Frog spotter

A scientist is to research the use of computer imaging technologies for identifying frogs used in research.


A biological scientist from the Portsmouth University has received a grant to research the use of computer imaging technologies for identifying individual frogs used in research.


The award was announced by the Secretary of State for Science and Innovation, Ian Pearson, at a press conference in London as part of a package of funding worth £2.4m from the National Centre for the Replacement, Refinement and Reduction of Animals in Research (NC3Rs).


Dr Matt Guille, head of the School of Biological Sciences, working with Prof Elizabeth Jones at the Warwick University and software engineers Solcom, will pioneer a new method of identifying individual frogs using digital imaging which measures the patterns of the frogs’ backs and feet.


‘Thousands of frogs are kept in laboratories throughout the UK, mainly they are used to produce eggs and embryos to study development. In order to meet their welfare requirements it is necessary for frogs to be kept in large groups so they feel protected and feed normally,’ said said Dr Guille.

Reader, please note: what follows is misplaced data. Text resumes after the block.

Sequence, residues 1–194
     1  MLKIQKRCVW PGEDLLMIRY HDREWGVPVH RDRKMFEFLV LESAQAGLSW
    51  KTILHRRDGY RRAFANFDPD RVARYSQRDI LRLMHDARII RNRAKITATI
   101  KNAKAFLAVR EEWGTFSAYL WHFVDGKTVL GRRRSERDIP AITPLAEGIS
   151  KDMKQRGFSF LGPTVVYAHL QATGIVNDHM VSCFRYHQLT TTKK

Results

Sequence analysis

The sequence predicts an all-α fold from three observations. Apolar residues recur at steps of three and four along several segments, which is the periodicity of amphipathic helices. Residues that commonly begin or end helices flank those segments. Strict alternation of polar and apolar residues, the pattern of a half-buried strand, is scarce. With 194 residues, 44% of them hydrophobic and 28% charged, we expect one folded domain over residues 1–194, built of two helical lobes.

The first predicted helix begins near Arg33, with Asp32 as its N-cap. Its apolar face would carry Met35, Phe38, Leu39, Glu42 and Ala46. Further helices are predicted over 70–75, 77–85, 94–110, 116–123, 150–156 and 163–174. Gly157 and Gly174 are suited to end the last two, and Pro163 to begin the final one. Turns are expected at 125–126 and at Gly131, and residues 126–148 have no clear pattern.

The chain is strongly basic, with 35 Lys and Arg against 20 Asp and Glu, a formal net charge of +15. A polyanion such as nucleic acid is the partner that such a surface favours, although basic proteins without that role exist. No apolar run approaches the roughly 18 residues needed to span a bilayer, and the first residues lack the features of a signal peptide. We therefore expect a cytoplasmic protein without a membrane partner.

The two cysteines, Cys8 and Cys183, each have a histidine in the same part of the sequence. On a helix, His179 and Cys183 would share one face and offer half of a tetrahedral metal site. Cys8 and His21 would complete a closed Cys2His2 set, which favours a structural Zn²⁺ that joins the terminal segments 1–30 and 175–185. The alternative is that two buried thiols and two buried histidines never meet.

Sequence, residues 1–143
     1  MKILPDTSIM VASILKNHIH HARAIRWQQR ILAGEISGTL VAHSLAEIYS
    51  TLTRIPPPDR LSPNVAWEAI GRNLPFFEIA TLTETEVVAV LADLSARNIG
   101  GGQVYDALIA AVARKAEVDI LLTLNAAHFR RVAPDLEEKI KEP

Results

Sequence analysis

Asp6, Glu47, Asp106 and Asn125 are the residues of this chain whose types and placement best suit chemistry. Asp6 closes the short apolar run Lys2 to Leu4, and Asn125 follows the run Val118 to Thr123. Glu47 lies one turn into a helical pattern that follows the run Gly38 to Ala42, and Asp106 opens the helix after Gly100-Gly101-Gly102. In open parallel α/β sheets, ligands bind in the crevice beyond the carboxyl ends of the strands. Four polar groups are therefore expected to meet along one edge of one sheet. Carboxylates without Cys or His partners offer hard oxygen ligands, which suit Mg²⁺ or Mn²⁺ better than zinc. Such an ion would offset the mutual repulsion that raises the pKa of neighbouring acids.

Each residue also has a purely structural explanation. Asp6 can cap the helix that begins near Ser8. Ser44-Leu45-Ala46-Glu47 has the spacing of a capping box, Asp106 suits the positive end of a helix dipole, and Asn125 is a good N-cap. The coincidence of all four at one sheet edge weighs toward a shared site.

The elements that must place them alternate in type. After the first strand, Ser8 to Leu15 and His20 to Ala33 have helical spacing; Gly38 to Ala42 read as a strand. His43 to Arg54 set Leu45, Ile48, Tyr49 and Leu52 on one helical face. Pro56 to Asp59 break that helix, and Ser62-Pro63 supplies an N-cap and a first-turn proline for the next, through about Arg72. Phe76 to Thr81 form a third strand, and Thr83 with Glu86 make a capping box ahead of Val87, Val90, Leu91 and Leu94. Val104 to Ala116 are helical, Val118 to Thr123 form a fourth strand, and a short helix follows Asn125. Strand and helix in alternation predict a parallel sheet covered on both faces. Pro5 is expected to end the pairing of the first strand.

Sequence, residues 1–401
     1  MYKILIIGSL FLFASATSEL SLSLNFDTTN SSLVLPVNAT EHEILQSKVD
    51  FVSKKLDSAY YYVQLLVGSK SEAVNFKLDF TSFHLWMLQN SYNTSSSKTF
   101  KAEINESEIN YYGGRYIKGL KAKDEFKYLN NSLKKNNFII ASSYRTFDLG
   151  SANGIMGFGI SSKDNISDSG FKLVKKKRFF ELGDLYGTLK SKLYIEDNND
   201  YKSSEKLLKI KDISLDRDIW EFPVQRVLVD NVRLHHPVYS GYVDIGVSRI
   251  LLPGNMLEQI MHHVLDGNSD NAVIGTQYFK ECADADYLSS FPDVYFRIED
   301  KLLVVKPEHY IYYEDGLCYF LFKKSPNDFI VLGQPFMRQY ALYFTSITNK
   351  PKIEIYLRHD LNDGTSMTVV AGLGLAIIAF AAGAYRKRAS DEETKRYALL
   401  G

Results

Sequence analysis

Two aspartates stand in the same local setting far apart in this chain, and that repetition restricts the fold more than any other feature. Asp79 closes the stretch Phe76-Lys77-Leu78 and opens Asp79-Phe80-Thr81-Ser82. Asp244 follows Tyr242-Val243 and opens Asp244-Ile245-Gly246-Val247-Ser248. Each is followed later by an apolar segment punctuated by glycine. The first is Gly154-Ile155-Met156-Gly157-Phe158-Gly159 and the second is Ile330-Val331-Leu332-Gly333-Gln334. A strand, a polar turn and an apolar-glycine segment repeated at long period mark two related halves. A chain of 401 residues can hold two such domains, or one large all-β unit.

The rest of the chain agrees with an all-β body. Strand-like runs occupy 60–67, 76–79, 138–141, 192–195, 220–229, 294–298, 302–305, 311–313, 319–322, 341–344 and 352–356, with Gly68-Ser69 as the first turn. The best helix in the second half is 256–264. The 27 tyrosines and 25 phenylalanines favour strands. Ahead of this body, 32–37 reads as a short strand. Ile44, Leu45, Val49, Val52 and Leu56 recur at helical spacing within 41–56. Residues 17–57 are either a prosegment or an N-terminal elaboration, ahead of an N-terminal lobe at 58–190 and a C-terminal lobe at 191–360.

‘Individual frogs need to be identifiable so that their welfare can be monitored and to determine which experiment they are part of, this has been done for example by branding, toe-clipping or microchips. A new method is being pioneered which measures a pattern on the backs and feet of the animal using digital imaging and is therefore not harmful to the frog. If successful this technique will be marketed commercially, he added.


Dr Guille’s grant is one of 11 awarded by the NC3Rs to examine alternatives to the use of animals for research in UK. Other grants were awarded to groups doing research on diseases that affect large numbers of people. These include looking to find a replacement for using mice in kidney research by growing sections of the kidney in the laboratory instead.